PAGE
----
Scott # UN-NY 415

Human Rights in Arts
or
- The Art of Human Rights - 

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Scott # UN-NY 416

On December 10, 1948 the General Assembly of the United Nations adopted and proclaimed the Universal Declaration of Human Rights. Following this historic act the Assembly called upon all member countries to publish the text of the Declaration and "to cause it to be disseminated, displayed, read and expounded principally in schools and other educational institutions, without distinction based on the political status of countries or territories."

In order to celebrate the 35th anniversary of the Declaration, the United Nations' three offices issued in 1983 a set of six stamps, 2 from each of the offices. These stamps were designed by the Austrian artist Friedensreich Hundertwasser, and are all original designs for stamps, not existing artworks reproduced on stamps. 

As if it wasn't enough with one such declaration, covering universally, there exists also a European Declaration of Human Rights, which is basically the same as the Universal Declaration, but with a slightly different wording.  The European Declaration is a direct result of the French Revolution in 1789.  

Scott # 2168

Scott # UN-G 172

Apart from the 30 artists' works used on the big Declaration-Set over the years 1989-1993, the most used artist by the United Nations has been Friedensreich Hundertwasser (1928-2000).  The Hundertwasser-artworks shown on this page are the full set of stamps designed by him for the United Nations.  These artworks shown above and below are made in water colours, and the original works belong to KunstHaus Wien, Austria.  On this site you will find a full array of Hundertwasser-stamps from different countries.  

Scott # UN-G 119

Scott # UN-G 120

Scott # UN-V 37

Scott # UN-V 38

Over time it has proven more than difficult for the global society to respect these basic rules, resulting in wars, racial discrimination, social disorders, and terrorist attacks  ... 

Scott # 1141

In the American Credo Series from the 1960s this stamp was issued in May 1960.  

  • USA 1960.  First Day Cover cancelled on 18th May 1960 in Charlottesville, Virginia.  The cachet shows Thomas Jefferson's portrait in front of his home "Monticello".  On the stamp, carrying Thomas Jefferson's signature, is printed a quotation by him:  "I have sworn [eternal] Hostility against every form of TYRANNY over the mind of man". The same quotation is printed next to the his portrait on the cachet.  

  • A close-up of the stamp on the cover.  

Although Jefferson grew up amidst an aristocratic family setting, he emerged on the American scene as a firm liberal thinker and leader.  His deeds spoke of equality and justice for everyone.  As a lawmaker and chief executive in colonial Virginia, he set in motion legislation that established freedom of religion and a system of general elections.  As the third President of the United States, he delivered the death knell to class government and succeeded in republicanizing public opinion.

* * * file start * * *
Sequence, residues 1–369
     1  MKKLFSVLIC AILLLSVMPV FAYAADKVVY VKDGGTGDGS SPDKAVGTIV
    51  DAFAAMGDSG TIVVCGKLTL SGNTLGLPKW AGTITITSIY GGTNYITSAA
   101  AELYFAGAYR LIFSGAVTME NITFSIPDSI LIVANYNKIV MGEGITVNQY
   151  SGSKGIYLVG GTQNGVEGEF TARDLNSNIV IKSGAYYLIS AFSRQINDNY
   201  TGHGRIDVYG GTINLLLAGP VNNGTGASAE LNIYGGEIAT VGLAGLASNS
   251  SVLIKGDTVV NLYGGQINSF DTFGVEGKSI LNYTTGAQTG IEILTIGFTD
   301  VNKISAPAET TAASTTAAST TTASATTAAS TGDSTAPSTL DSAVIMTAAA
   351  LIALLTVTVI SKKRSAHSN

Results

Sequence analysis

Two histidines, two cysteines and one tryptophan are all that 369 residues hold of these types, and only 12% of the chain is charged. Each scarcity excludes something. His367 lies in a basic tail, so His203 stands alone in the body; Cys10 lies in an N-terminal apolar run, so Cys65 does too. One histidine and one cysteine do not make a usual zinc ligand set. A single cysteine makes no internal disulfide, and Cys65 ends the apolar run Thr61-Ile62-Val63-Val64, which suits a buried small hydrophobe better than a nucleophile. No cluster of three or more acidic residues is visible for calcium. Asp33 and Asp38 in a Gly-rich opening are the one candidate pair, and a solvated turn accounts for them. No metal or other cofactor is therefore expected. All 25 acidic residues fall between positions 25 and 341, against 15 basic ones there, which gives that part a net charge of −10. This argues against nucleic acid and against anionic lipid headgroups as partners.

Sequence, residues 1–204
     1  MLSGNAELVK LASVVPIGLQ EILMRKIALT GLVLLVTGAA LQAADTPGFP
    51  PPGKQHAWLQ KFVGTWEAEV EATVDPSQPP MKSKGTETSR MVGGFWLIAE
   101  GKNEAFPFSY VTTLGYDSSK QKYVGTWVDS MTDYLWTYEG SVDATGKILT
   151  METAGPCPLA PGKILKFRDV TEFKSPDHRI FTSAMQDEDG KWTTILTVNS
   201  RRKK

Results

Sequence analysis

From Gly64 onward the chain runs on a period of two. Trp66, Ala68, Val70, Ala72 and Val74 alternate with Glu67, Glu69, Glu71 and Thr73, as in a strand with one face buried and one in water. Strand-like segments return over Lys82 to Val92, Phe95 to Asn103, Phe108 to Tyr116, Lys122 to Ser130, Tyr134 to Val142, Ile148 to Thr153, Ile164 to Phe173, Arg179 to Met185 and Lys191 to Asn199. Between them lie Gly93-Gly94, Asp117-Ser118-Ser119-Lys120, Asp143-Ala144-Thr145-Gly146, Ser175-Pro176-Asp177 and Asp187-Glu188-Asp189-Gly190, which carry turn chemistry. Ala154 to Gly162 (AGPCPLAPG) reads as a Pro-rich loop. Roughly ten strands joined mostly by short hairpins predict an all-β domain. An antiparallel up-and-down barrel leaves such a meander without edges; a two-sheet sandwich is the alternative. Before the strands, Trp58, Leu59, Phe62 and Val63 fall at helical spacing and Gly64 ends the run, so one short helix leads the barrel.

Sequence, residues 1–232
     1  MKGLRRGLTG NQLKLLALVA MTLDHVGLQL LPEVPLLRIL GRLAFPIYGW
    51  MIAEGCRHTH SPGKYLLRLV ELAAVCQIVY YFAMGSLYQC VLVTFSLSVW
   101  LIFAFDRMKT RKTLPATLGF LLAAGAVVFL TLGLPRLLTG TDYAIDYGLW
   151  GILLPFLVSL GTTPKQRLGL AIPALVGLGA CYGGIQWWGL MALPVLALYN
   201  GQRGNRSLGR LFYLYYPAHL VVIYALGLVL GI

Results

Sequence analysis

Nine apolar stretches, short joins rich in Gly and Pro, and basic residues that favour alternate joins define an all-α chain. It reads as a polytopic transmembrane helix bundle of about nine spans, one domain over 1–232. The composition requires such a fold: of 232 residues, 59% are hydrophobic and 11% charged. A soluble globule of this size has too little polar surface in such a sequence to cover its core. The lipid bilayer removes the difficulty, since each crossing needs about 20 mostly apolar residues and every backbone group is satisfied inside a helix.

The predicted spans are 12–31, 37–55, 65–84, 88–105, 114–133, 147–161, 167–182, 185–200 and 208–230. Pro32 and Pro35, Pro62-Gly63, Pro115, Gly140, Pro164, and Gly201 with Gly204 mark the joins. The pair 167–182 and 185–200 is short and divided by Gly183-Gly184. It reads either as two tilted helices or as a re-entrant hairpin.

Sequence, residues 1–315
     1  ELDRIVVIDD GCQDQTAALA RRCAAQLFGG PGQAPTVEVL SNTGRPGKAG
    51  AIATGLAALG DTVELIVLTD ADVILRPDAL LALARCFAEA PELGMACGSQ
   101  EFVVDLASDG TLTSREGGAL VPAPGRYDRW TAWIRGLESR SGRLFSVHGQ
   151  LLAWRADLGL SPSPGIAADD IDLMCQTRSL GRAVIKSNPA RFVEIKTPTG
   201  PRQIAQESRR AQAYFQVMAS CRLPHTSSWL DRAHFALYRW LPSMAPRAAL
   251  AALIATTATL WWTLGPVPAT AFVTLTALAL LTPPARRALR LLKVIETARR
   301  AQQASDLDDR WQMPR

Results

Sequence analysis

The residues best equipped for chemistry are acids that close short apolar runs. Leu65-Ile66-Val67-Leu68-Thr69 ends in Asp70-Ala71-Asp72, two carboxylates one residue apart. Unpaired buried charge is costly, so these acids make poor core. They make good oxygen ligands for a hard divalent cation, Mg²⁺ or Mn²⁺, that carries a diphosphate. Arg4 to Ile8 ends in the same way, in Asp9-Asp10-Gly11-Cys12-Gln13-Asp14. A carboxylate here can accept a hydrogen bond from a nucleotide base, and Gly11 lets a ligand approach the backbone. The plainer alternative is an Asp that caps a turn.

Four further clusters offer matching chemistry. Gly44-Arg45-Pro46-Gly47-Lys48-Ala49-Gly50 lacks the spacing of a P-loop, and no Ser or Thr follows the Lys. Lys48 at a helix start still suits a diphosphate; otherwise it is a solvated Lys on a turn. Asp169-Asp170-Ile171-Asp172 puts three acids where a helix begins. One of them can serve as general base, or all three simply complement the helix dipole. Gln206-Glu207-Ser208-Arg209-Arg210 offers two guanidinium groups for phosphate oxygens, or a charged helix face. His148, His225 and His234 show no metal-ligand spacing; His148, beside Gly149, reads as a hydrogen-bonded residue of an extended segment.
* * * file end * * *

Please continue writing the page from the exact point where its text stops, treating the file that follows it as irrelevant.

Jefferson was among the foremost architects of the American Revolution.  His eminence and forceful style of expression procured for him the signal honour of drafting the Declaration of Independence:  "We hold these truths to be self- evident", he said, "that all men are created equal, that they are endowed by their Creator with certain inalienable Rights, that among these are Life, Liberty and the pursuit of Happiness".   Great words indeed, seeding the Universal Declaration of Human Rights.  

During the years 1989-1993 the United Nations' three offices in New York, Geneva (Switzerland) and Vienna (Austria) have issued a very nice set of art stamps emphasizing the individual articles of the Universal Declaration on the attached labels.  These stamps are shown on the next two pages.  It is amazing to see how well chosen each painting is for the appropriate article, even if the works of art are not specifically created for the purpose.  

The articles of the Universal Declaration of Human Rights are basically so natural, that most people, at least in the Western World,  take them for granted.  Governments, regimes, terrorist movements and individuals have always infringed others' rights by simple suppression of their peoples, by censorship of thoughts, speech, press, and freedom to move around.  The terrorist attacks on September 11, 2001, on New York and Washington D.C. have fully proven that some people do not grant other people the same rights as they give themselves, so there are good reasons to remind us all of these rights.  

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Published 1999 
Revised 18 dec 2004 
Copyright Ann Mette Heindorff

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